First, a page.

Disability payments for ex-service members of the Australian Defence Force continue to be indexed against the Consumer Price Index, an index that has been recognised as not being a true cost of living adjustment for many years. In 2007 the Parliament recognised this in relation to Veteran Disability Pensioners and provided a “one off” catch up increase and also brought their indexation arrangements into line with the other pensions. This action had bi-partisan support.

This “one off” increase did not fully recover the erosion suffered by Veteran Disability Pensioners particularly in the previous 10 years when revised indexation arrangements were introduced for Age and Service Pensions.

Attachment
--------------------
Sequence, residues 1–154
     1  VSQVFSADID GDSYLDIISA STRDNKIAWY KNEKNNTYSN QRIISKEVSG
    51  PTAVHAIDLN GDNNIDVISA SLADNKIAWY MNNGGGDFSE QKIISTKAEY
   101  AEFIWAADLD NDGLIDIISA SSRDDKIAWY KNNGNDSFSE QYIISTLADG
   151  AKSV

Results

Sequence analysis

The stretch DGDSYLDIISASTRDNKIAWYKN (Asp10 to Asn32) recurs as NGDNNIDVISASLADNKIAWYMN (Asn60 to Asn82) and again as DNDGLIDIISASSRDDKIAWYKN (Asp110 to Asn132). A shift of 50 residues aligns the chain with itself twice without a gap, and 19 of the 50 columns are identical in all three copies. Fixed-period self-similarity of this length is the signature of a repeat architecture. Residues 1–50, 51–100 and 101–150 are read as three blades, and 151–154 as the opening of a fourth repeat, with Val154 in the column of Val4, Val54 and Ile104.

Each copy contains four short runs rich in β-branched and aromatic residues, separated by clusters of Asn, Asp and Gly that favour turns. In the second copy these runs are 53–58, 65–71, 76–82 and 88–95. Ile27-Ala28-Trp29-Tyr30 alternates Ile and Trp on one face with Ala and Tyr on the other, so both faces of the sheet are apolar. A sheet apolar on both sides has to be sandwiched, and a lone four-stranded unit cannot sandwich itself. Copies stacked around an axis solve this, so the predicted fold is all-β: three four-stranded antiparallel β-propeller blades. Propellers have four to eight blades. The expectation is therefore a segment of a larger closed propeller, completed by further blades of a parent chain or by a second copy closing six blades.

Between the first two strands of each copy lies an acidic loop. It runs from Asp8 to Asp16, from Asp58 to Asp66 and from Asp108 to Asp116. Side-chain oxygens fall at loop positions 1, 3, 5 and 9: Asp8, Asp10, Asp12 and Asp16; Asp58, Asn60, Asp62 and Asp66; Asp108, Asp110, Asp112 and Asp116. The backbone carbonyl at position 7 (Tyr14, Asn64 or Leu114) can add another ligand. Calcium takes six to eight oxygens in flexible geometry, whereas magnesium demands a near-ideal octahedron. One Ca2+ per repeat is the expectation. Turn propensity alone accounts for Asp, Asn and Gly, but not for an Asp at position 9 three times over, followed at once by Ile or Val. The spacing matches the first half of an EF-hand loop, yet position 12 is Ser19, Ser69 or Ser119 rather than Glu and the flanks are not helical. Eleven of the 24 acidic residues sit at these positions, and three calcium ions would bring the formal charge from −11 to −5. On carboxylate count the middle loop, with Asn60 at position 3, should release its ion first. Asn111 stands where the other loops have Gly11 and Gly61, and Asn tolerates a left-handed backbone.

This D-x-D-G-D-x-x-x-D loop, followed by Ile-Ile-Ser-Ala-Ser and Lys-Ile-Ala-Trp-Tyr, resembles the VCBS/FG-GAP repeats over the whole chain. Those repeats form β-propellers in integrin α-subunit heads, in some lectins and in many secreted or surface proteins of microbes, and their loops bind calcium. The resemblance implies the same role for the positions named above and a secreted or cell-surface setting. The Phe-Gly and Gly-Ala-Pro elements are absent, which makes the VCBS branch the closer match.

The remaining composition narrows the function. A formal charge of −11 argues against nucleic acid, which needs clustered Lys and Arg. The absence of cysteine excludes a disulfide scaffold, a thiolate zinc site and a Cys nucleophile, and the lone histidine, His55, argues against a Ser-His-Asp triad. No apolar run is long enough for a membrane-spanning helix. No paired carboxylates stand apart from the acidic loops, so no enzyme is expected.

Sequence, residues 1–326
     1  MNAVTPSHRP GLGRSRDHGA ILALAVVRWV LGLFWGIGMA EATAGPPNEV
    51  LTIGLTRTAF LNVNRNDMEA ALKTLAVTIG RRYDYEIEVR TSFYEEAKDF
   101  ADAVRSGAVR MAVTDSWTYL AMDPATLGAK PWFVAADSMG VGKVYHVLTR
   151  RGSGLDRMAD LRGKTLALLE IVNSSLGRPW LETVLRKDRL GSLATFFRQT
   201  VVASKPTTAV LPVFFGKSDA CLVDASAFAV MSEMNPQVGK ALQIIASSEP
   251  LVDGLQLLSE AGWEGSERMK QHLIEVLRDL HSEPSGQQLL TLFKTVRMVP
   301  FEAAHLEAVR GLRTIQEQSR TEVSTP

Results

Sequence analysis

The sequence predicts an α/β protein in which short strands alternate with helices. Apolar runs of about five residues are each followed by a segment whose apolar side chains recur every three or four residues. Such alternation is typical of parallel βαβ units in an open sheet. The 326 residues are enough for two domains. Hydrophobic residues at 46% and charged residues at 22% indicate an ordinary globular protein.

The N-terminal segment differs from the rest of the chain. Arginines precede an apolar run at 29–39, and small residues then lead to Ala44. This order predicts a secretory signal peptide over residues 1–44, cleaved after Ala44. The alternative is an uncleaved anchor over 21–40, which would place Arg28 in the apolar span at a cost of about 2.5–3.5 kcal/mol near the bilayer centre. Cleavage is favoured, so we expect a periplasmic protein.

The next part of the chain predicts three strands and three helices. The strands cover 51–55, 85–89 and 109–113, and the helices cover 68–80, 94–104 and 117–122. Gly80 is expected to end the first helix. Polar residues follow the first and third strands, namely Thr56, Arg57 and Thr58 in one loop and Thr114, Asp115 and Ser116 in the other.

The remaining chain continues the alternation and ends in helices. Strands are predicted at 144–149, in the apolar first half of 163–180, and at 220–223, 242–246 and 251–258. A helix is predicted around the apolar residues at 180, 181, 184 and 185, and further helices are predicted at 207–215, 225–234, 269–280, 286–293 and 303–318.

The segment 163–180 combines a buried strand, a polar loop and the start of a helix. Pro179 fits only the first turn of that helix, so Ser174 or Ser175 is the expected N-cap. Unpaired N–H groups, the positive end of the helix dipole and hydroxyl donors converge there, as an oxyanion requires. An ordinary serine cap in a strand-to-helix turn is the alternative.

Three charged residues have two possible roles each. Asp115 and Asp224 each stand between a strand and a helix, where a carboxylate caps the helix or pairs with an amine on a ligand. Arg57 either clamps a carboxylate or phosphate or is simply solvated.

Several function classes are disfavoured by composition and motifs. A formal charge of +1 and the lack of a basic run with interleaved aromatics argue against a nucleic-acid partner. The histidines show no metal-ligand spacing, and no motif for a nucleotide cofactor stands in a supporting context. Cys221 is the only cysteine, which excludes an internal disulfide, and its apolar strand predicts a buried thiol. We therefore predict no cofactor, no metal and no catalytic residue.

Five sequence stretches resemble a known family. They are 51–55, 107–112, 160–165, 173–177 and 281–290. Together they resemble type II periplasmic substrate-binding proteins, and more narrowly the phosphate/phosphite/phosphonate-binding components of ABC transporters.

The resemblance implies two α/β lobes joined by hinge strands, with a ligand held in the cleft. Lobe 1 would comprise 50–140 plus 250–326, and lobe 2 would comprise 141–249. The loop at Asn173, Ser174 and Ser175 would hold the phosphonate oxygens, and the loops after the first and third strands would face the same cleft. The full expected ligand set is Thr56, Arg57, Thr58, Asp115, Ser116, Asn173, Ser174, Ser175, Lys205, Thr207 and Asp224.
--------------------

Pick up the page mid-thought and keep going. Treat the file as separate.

Changes to the Age Pension announced in the 2009/2010 budget were designed to address particular concerns for our most disadvantaged elderly community members. However, the exclusion of the Veterans Disability Pensions from that Budget initiative further accentuated the existing disparity for Veterans Disability Pensioners who have suffered a disability as a result of their service to the Nation and has meant that the relative value of Veterans Disability Pensions measured against the other pensions has diminished.

We, as a Nation, owe those who have suffered disabilities as a result of their military service a debt of gratitude and we should ensure that compensation payments for those injuries are properly and adequately compensated.